About 100 people rallied to show their support for the Black Lives Matter movement on Main Street in Fleetwood on Saturday, June 20.

The crowd lined the south side of the street between South Richmond and South Franklin streets for the two-hour demonstration. On the opposite side, between five and 10 people held a counter protest. Fleetwood police patrolled the area in cars and on bikes as some drivers passing by honked in appreciation. A few pickup trucks festooned with flags passed by, revving engines while occupants expressed opposition to the rally.

The Rev. Kimberly Berenotto, an assistant pastor at Good Shepherd UCC in Boyertown, lives a few houses away from where the rally was held. She has attended Black Lives Matter marches in Boyertown and Pottstown.

She said she attended the rally "because I truly believe we need to end the system of racism that treats people of color differently."

"Until everyone believes Black Lives Matter we can't really make all lives matter," she said.

Co-organizer Annalise McDowell, Reading, returned to her hometown for the rally. She said the area does not have a lot of people of color and she wanted to show support for African Americans and any person of color.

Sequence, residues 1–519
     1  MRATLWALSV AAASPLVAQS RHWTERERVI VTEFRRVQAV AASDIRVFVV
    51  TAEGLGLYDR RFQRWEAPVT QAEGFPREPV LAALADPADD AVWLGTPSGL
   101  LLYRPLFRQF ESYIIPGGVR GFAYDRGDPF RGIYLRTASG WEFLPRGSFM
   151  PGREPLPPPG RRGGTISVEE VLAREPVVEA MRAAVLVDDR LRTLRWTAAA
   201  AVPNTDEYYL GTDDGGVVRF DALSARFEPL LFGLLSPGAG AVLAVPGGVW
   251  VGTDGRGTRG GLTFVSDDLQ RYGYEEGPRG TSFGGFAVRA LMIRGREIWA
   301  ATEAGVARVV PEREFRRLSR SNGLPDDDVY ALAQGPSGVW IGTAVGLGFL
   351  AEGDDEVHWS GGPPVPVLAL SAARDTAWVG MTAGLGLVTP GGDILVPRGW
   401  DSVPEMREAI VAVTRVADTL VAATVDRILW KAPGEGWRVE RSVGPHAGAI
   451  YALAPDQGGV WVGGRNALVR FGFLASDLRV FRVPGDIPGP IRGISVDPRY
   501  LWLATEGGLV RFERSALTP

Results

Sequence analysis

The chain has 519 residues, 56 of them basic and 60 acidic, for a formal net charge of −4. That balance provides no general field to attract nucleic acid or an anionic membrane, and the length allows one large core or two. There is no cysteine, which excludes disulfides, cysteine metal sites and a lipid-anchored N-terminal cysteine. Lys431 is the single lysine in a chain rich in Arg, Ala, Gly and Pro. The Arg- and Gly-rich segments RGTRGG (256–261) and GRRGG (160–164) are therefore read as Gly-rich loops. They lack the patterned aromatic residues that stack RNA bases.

"I want to show them they can be comfortable and feel safe in this community," McDowell said.

Organizer Caitlin Smoker said that prior to the event, she sat down with Police Chief Steve Stinsky to assure him everything would be peaceful.

"I feel like we had a pretty good turnout," said Smoker, who estimated about 100 people attended.

Smoker, who grew up in Twin Valley, said it was important to show support in small towns and start a conversation about race.

"I'm just here to educate myself and everybody around me," Smoker said. As the country approaches the November election, Smoker said she hoped to reach out to younger people about issues that matter.

Smoker said she welcomed a conversation with those who disagreed with the rally.

"I think it's a lot of misunderstanding, really," Smoker said. "I think that's why it's important for us to be here. I do think it's important especially for the very few racially diverse families that we have in these small towns to understand that, yes, those voices are loud, but we're trying to be louder than they are and let you know that you are supported and welcomed here."

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